Debt: It's the four-letter word that can wreak havoc on your finances. In our Debt Confessions series, real people share how they tackled debt - from credit card bills to student loans to everything in between - and how it felt to reach their zero-balance goals.

Here, a young couple shares how they were able to pay off $40,000 of student loan debt in less than two years.


When Bobby Hoyt put his mind to erasing his student loan debt of $40,000 on a high school band director’s $53,000 a year salary, he knew that cutting back wasn’t going to be easy.

Adding to the challenge was urgency: The grace period of Hoyt’s loan ended six months after his college graduation, and he had to begin payments. “Most people don’t understand how the grace period works,’’ Hoyt says. “People don’t realize that the interest racks up over the six months, which is what happened to me. You graduate and then all of a sudden your student loan bill is $1,000 higher than you thought it was going to be.”

Because he wanted to pay off the loan fast, Hoyt and his fiancée Coral made a huge sacrifice many might avoid: They moved in with her parents in 2011. He and Coral, an elementary school teacher, paid her parents $500 a month for the room while also helping care for her father, who passed away last year.

“It’s not fun,’’ Hoyt, now 29, admits. “There’s no easy way to cut back on your living expenses without being uncomfortable, whether that’s having to live with your parents or not having privacy with roommates. But if you can be uncomfortable for a little bit, it’s easier to pay off the debt quickly.”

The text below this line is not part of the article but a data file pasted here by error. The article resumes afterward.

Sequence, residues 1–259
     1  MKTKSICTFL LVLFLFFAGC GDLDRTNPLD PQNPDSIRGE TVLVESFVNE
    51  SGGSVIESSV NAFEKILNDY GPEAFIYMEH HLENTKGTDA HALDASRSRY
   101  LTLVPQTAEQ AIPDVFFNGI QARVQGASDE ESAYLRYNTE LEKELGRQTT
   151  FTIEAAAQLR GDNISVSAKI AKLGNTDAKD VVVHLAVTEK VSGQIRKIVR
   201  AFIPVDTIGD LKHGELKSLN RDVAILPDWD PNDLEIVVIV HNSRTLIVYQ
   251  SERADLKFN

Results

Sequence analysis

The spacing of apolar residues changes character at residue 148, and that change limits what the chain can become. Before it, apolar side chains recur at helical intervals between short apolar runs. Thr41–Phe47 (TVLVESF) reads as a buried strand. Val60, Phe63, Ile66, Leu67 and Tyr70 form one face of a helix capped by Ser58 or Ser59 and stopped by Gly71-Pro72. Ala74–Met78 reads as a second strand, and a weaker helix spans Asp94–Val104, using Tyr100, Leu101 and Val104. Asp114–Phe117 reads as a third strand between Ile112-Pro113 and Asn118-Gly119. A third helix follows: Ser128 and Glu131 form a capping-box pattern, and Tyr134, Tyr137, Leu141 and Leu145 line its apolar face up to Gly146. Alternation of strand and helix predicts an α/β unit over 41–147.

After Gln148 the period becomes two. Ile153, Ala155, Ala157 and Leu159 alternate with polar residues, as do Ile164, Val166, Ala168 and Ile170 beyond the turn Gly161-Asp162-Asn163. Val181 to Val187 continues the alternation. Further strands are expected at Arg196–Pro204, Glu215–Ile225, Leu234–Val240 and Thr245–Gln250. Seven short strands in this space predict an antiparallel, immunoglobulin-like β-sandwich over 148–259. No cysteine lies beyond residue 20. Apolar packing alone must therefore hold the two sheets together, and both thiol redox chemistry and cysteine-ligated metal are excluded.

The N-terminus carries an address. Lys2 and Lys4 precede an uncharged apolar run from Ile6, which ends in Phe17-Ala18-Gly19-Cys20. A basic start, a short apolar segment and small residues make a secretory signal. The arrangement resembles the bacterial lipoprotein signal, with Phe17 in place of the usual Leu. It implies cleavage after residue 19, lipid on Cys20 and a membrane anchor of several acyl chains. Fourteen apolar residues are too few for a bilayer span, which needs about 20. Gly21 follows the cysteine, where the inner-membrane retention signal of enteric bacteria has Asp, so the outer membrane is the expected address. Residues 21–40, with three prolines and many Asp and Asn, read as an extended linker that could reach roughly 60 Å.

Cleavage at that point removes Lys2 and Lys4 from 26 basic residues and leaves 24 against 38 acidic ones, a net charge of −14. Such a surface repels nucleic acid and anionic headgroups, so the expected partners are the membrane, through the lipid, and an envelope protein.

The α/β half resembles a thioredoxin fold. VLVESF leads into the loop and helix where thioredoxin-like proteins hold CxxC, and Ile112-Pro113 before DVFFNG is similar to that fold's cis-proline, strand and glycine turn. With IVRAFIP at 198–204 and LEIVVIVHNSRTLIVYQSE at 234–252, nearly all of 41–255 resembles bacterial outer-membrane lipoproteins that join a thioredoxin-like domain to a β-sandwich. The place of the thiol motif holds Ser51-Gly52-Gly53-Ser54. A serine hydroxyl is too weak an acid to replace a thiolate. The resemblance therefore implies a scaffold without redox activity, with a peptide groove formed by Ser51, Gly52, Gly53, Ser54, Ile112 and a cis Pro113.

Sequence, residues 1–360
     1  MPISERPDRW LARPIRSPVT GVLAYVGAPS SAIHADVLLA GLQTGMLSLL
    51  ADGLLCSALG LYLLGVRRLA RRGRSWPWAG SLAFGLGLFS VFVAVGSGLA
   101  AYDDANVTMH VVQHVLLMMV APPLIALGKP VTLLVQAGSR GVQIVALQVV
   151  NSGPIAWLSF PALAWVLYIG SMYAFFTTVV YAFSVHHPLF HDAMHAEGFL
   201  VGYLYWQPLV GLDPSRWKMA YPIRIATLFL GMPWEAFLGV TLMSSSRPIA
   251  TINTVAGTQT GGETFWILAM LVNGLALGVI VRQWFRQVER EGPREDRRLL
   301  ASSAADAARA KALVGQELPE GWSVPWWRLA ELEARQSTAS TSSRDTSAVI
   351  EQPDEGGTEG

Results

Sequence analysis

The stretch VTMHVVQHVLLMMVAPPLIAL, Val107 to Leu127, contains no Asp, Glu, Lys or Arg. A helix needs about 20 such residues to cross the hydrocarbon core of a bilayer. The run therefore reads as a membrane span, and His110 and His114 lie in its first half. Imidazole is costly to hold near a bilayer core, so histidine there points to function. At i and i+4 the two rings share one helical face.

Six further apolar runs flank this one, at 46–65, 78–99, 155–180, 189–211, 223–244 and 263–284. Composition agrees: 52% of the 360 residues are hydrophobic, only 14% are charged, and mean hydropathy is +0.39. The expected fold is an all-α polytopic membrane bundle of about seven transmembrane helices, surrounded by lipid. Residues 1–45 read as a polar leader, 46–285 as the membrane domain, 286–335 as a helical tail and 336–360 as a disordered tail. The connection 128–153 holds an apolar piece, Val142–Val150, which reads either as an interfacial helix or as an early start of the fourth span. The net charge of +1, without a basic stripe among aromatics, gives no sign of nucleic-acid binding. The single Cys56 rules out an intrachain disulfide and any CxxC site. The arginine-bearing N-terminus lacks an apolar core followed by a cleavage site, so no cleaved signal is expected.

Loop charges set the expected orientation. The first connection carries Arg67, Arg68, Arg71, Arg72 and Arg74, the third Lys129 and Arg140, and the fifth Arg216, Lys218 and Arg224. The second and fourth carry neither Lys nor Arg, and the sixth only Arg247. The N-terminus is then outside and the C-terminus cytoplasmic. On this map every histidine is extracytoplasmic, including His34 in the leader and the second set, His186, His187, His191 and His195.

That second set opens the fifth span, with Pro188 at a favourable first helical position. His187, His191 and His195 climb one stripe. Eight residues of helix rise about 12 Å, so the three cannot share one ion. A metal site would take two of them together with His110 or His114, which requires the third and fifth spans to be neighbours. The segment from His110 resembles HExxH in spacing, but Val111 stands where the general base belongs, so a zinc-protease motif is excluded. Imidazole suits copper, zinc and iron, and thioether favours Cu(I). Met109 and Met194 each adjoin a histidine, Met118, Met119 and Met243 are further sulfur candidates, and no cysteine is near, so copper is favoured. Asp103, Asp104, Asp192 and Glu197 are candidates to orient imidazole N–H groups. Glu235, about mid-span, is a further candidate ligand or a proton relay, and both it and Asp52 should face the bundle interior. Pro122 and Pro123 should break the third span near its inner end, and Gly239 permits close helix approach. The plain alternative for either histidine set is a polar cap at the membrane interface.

The Hoyts cut back drastically, paying $1,300 twice a month against the loan from Bobby’s $3,400 monthly income. “We didn’t let our lifestyle inflate at all,’’ he says. “I drove my little crappy truck with roll-up windows, and I didn’t buy clothes or shoes or anything except for a few things I needed for work.”

Thankfully, Coral was willing to go along with the lifestyle changes, including delaying their wedding date by three years. “She saved up so she could pay cash for our wedding while I was paying off the student loan debt,” says Hoyt. “We had to talk about it, for sure, because it held up a lot of our life together. I didn’t want to get married until I got rid of the debt because I didn’t want to bring that into the relationship.”

“If you can be uncomfortable for a little bit, it’s easy to pay off the debt quickly.”

After paying off his loans, Hoyt started a blog about finance, Millennial Money Man, which has since become his fulltime job. The site earns revenue from ads and affiliate links, which means if someone makes a purchase through a link on the site, Hoyt gets a cut.

One thing Hoyt learned from working on his site, which started as a side gig, is that side hustles can be powerful tools for bringing in extra income. Two he has seen succeed for others? Flipping furniture — which involves fixing up furniture others have put out on the curb and reselling it on the Facebook Marketplace — and teaching English on sites like VIPKID, an education portal where college graduates can earn money teaching children in other countries.

Hoyt says the lessons he learned during the 18 months of paying off his debt have had lasting effects. “My wife and I had to deal with paying off debt so early on that we don’t ever fight about money,’’ he says. “We know how to work together.”

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